Through April and May the battalion alternated between life in camps, engaged in training and providing working parties and in the frontline trenches in the area near Dickebusch, where the engaged in occasional raids on the enemy and in repelling enemy incursions into their own trenches.
On 7th June they took part in an attack on Battle Wood. They found themselves under very heavy fire while advancing through dense undergrowth and eventually were forced to dig in. Communication seems to have been very poor and they were unable to contact the British artillery when they found themselves on the receiving end of their barrage. That night saw 80 killed or missing and a further 185 wounded.
In July they moved to the Ouderdom area and continued alternating between the front line and the reserve. August was spent almost entirely in training and on 27th August they moved back to the Dickebusch area where reconnoitring took place for a proposed attack on Inverness Wood.
On Friday 21 September 1917 ‘The Scarborough Mercury’ carried headlines declaring ‘The new British offensive’, ‘Great success attended our troops’, ‘Inverness Copse carried by North Country soldiers’
These were accompanied by a communiqué issued by British GHQ the previous evening.
‘Our attack this morning east of Ypres was made on a front of about eight miles between the Ypres-
Great success attended our troops. Positions of considerable military importance have been won and heavy casualties inflicted on the enemy.
The assembling of the regiments detailed for the attack was carried out without incident, although rain fell steadily during the night. Our first objectives were captured at an early hour, including a number of concreted strong points and fortified farms for the possession of which heavy fighting had taken place during the previous attacks.
North Country troops carried Inverness Copse, Australian troops stormed Glencourse Wood and Nonnebushen [Wood]. Scottish and South African brigades took Potsdam, Vampir, and Bolly farms. West Lancashire Territorials carried Iberian farm and the strongpoint known as ‘Gallipoli, our troops then advanced to the assault of their final objectives.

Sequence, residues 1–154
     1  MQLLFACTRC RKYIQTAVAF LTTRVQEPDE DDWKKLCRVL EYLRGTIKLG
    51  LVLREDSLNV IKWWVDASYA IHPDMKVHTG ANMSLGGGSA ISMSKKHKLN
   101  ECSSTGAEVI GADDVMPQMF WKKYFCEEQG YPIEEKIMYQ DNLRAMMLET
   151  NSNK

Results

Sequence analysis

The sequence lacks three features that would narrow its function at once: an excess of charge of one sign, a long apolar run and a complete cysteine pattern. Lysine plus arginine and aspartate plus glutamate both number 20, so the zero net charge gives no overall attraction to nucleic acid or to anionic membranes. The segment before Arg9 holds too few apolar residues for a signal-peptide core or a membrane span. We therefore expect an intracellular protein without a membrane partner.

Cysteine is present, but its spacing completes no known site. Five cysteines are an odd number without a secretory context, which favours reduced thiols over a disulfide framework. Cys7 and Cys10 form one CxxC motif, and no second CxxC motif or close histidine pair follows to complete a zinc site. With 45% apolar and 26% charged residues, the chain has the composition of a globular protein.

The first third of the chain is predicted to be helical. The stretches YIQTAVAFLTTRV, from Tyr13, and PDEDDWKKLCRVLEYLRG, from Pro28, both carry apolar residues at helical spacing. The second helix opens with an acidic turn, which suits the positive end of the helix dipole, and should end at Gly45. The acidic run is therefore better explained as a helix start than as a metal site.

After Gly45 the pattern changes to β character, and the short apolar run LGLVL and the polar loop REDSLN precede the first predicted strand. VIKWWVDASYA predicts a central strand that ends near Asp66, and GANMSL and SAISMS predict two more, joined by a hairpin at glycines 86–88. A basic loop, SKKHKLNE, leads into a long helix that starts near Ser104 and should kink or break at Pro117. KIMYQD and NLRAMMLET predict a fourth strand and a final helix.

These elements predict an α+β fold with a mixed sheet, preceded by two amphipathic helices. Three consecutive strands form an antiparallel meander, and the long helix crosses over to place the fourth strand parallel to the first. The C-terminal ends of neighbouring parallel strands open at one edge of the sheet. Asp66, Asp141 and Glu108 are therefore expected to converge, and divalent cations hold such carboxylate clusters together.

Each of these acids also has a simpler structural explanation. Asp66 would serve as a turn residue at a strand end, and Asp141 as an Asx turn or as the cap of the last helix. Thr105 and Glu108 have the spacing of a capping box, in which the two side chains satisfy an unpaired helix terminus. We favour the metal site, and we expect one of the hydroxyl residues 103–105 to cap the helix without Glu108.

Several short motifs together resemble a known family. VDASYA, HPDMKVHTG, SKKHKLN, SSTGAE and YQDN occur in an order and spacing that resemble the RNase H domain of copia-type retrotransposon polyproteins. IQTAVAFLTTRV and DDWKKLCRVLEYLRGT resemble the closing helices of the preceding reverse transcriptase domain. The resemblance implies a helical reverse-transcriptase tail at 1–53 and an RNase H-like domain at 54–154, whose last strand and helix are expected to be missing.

On our right English county troops reached the line of their final objectives after sharp fighting in the woods north of the Ypres-
In the centre North Country and Australian battalions penetrated German positions to a depth of over a mile, and captured the whole of their objectives, including the hamlets of Veldhoek, and the western portion of Polygon Wood.
Further north, Zevenkek was captured, and London and Highland Teritorials carried a second line of farms, including Rose Farm, Quebec Farm, and Wurst Farm, on the line of their final objectives.
During the morning the weather cleared and our aeroplanes were able to take a more active part in the battle, indicating the positions of our troops and reporting hostile concentrations to our artillery.
No accurate of the number of prisoners captured can yet be given, but they are known to exceed 2000. We also captured a few guns’….
Although this had, in essence, been correct, the report does not disclose the fact that they had suffered over twenty one thousand killed and wounded for those few miles of ground.
For the Menin Road operations, which began 20 September, 23 Division, attached to the Tenth Corps of Second Army, was given the task of capturing a line of enemy trenches running south from a stream known as the ‘Reutelbeek’ across and below the Menin Road. During the previous night, 65,000 men belonging to the eighteen Brigades of infantry earmarked to take part in the assault had begun to make their way to their appointed assembly positions.
At midnight it began to rain and the men’s approach march became increasingly difficult as the ground was churned up by the thousands of marching feet. Perryman’s battalion had begun to make their way towards their start line at 1pm on that night when…”H.Q. moved up to Clapham Junction under the Menin Road, and ‘A’ and ‘B’ Companies moved up to the vicinity of Stirling Castle and Sanctuary Wood. At 9-